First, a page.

When you turn 80 these days, it’s something to celebrate. Living legend, national treasure and civil rights and health activist Dick Gregory turns 80 this Friday and will be celebrated via a 3-hour live radio tribute this Friday on “The Carl Nelson Show" on 1450 WOL Radio in Washington, D.C.
Gregory is practically his own chapter of Black history. The St. Louis native once ran for President and got his start as a civil rights leader after excelling at track in high school. After being drafted into the Army, his comic skills were discovered and he moved to Chicago after his service. There he became a cohort of comedians like Bill Cosby. But “Playboy” founder Hugh Hefner put Gregory on the map after hearing him perform a racially satiric routine in front of a predominantly white audience. Gregory began performing at the then popular Playboy Club and the rest is definitely black history.
Gregory’s popularity and his skits that dealt frankly with racism led to his involvement in civil rights. Gregory ran unsuccessfully for Mayor of Chicago in 1967 and President of the United States in 1968 to draw attention to the problems of African-Americans. He’s supported feminism and the anti-apartheid movement as well as healthy living. Gregory was diagnosed with lymphoma but has kept it at bay for over a decade with he says, his regimen of fruits, vegetables, supplements and exercise. His book “Natural Diet for Folks Who Eat: Cookin’ With Mother Nature” was published in 1973, putting him at the forefront of the early healthy living movement. Gregory is the author of several other books including a few memoirs, one entitled “Ni—er,” which details the hardships of his life growing up poor, black and without a father.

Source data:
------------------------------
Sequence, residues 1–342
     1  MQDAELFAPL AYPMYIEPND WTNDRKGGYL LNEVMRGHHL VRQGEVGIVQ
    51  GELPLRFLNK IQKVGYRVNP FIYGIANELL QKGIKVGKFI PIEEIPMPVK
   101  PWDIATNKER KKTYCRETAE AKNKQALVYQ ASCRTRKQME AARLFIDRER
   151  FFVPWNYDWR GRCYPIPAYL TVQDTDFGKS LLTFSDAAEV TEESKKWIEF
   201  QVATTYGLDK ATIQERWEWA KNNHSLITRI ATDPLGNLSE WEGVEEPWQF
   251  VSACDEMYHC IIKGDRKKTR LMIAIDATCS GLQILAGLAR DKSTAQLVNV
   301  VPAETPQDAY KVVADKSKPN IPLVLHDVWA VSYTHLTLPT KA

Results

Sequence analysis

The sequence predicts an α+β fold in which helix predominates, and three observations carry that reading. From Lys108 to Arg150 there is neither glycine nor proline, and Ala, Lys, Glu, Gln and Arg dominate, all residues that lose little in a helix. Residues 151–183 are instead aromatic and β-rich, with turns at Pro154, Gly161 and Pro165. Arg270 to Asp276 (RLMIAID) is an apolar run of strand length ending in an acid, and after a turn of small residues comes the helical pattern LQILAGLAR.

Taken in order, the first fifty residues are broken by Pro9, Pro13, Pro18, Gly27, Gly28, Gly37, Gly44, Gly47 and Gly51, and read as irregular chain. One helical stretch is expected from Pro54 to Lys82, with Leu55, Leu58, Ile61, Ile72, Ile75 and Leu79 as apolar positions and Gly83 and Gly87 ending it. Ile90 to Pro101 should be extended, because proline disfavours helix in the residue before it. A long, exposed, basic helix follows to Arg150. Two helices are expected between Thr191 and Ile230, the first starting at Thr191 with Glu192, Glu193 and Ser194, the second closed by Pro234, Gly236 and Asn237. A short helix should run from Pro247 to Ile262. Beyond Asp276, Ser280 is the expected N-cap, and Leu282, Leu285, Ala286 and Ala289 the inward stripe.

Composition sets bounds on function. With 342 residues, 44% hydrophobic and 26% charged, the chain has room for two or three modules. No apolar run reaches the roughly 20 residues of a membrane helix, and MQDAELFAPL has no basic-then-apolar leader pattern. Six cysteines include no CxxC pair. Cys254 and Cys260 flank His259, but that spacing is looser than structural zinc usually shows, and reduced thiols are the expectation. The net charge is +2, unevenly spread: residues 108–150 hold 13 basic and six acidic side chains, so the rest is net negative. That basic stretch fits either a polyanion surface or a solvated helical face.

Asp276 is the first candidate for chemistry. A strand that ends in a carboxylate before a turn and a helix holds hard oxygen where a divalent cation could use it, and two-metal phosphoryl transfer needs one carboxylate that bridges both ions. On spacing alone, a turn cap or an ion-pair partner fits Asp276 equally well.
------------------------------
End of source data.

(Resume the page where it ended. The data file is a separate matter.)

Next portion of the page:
Gregory continues to be a force, speaking around the world and performing. He’s still keenly interested in politics and the state of the world. In his 80 years, he’s seen a lot of changes but says he believe actions are always better than ideals.
“I don’t believe in hope,” he told Democracynow.org earlier this year. “We got in outer space; there wasn’t hope. We made rockets; there wasn’t hope. You bring in the hardcore scientists and shine a light on it and say, "We have to do this." If I had a brain tumor, I don’t hope it’s going to get out; I’m going to ask you who’s the best brain surgeon here, and I’ll go to him. And that’s what’s going to happen. You shift the mindset of young folks that says, what you’re doing here goes out there. This don’t have to happen, that it’s not all right. I come up in a black community when a cop beat up you and your brother, they say, "Well, thank God they didn’t kill you." That’s no more. That’s no more.”